He added that some people consider the school to be in a “low socio-economic neighbourhood,” but that shouldn’t be a barrier to students achieving success like some of the returning players.
“We want the alumni to come back and show the kids how successful they can be. It’s a great thing for kids to look up to someone that successful [who] grew up in this neighbourhood.”
In the first couple of years after he took over the team, Nikić recalled, he didn’t cut anyone from the team because he just needed bodies to fill the roster.
“I actually vividly remember walking in the hall way, seeing anybody over six feet and literally pulling on their sleeves, going ‘Hey, do you want to play basketball?’ and them going, ‘Who are you? What’s going on?’,” he said.
Despite being critical to Delview’s success on the hardwood in recent years, Nikić makes a point of giving credit to former and current Delview staff — including the school’s custodian — for their support in both his and the team’s development.
“There are schools that don’t allow people this much growth,” Nikić said, explaining that building a team costs money and school staff helped raise funds for trips and new team equipment.
“This is a student-centred school and students’ progress comes above everything, and the staff at Delview realized how much the school needed this program to develop. I can work all I want, but if I don’t get that support, none of it is happening.”
Coming from a pedagogical home in Novi Sad, Serbia, where his mother was a university professor and his father a high school vice-principal, Nikić said that he became a teacher above all because he likes to see progress and growth in kids.
“I see kids that are in need of doing something, and there is always progress. There is always something to look forward to.”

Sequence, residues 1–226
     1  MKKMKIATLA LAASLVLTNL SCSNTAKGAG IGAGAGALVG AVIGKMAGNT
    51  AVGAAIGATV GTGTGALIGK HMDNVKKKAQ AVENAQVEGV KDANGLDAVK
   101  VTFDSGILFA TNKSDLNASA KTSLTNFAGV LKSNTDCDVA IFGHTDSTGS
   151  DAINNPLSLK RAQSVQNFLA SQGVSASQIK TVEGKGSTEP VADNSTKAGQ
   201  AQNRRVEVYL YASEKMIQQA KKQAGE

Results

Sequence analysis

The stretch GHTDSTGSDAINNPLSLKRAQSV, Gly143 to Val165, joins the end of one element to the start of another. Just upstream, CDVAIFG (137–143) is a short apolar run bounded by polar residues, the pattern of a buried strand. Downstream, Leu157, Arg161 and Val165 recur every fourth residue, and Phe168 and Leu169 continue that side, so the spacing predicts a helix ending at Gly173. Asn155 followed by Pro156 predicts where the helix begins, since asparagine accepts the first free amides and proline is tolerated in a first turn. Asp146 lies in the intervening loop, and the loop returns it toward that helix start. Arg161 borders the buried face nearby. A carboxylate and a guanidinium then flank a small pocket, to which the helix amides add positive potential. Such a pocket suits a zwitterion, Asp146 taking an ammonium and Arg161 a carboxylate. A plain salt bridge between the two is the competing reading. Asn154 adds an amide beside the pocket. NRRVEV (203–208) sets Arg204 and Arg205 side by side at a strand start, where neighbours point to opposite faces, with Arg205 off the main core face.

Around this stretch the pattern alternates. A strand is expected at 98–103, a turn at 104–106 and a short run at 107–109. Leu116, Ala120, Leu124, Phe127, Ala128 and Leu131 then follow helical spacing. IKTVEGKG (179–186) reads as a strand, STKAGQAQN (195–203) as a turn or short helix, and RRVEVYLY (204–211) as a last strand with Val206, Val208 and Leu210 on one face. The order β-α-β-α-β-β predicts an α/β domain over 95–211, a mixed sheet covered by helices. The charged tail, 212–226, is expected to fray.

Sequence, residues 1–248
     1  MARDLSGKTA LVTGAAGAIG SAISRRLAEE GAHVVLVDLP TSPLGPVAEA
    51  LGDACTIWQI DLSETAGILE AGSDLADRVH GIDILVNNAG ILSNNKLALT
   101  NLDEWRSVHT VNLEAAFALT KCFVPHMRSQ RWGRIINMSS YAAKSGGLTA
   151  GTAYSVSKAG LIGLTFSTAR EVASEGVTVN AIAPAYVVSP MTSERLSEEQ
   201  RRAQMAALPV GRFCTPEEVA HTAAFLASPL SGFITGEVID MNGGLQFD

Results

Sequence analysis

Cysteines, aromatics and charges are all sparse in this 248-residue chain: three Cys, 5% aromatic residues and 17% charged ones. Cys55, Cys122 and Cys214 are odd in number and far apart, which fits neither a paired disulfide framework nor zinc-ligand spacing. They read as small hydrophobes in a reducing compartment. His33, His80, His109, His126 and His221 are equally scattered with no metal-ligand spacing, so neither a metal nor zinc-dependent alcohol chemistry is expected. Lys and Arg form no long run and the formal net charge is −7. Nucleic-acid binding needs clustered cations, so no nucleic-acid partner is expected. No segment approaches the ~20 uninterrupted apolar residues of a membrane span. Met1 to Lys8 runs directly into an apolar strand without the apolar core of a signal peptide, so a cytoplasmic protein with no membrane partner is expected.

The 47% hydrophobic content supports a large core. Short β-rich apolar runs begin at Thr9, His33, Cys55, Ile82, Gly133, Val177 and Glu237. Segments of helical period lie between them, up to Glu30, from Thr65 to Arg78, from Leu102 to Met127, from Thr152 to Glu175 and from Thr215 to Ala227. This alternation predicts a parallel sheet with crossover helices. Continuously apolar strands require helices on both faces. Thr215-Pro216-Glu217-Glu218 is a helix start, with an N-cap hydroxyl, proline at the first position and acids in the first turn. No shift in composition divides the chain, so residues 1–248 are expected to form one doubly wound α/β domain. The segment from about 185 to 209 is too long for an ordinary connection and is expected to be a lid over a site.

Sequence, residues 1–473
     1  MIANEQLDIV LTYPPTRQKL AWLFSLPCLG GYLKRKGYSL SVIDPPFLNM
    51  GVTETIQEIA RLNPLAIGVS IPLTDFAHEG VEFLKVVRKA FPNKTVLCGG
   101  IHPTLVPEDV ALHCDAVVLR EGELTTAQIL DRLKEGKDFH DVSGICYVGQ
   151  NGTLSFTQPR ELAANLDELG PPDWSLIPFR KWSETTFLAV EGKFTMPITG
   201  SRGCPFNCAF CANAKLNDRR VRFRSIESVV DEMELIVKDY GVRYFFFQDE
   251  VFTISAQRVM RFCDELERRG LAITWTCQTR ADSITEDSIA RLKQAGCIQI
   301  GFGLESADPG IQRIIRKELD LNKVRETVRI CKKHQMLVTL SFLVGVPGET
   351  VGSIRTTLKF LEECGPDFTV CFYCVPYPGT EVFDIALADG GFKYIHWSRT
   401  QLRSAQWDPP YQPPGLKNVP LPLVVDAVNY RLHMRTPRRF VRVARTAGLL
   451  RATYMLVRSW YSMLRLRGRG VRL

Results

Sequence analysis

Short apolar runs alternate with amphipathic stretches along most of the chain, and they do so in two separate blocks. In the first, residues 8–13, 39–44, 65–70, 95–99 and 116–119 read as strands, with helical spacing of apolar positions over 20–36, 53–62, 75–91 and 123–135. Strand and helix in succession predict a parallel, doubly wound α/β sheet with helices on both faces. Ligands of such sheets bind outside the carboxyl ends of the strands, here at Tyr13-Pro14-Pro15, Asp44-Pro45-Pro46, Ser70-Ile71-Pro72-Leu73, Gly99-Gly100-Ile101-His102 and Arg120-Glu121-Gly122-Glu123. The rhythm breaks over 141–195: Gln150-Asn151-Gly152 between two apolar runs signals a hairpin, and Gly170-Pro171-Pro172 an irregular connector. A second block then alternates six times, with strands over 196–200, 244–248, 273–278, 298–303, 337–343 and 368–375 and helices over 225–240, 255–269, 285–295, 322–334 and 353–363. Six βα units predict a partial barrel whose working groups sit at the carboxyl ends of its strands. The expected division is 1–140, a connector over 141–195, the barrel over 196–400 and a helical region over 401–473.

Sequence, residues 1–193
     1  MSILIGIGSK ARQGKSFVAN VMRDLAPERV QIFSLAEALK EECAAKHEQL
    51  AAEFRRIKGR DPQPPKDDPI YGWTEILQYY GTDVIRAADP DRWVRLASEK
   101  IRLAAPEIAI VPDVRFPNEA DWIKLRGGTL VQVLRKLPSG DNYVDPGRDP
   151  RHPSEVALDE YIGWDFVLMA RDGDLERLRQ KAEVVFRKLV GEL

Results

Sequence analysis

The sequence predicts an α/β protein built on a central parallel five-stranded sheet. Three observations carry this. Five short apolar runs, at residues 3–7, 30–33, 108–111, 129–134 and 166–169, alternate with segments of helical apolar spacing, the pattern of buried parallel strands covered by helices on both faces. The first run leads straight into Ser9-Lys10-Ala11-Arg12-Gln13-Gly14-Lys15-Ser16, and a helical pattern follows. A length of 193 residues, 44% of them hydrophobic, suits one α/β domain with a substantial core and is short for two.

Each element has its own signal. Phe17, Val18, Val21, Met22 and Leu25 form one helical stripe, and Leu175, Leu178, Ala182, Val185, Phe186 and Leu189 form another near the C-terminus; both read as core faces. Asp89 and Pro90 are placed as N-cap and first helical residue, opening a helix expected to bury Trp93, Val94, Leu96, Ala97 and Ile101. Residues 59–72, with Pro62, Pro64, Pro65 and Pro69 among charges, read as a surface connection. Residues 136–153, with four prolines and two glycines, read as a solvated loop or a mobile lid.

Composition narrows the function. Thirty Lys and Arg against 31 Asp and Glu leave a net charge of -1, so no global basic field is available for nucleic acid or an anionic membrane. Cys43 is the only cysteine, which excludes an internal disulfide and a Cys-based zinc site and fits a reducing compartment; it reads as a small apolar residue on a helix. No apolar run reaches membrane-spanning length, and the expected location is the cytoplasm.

“Kids are the future of this world and if we foster them right, we’re going to have a very prosperous society. I’m a strong believer in providing every kid an equitable opportunity to succeed.”
Nikić spent a decade teaching math and social studies at Delview, and more recently took over as the school’s career advisor, connecting students with industries that fit their skills and interests.
Admitting it’s hard to make profound life choices at such a young age, Nikić said there is an epidemic of kids saying they want to be lawyers and doctors. Instead of chasing a career based on its prestige or paycheque, he wants to steer students onto a path that will eventually lead them to a career that fits their skills and passions.
“By the time they’re in Grade 12, [students] should have a direction towards what they’re good at,” Nikić said. “That’s all I want them to be [in position for]. The worst thing to do is to think about it in terms of a career.”
Apart from helping students figure out the rest of their lives, Nikić is currently writing his masters thesis on the recent and upcoming changes to British Columbia’s secondary school curriculum.
Although he can’t pin point the single biggest lesson he has taken from his students in the 13 years he has been an educator, he said he learns something new almost every day.
“I know it sounds like a corny thing to say, but actually you learn a lot,” Nikić said. “If you want to be a good educator, I think you need to be a learner for life and just seeing the different ways kids learn, and also the different struggles they have every day.
“It reminds me how human we are and how much we don’t know.”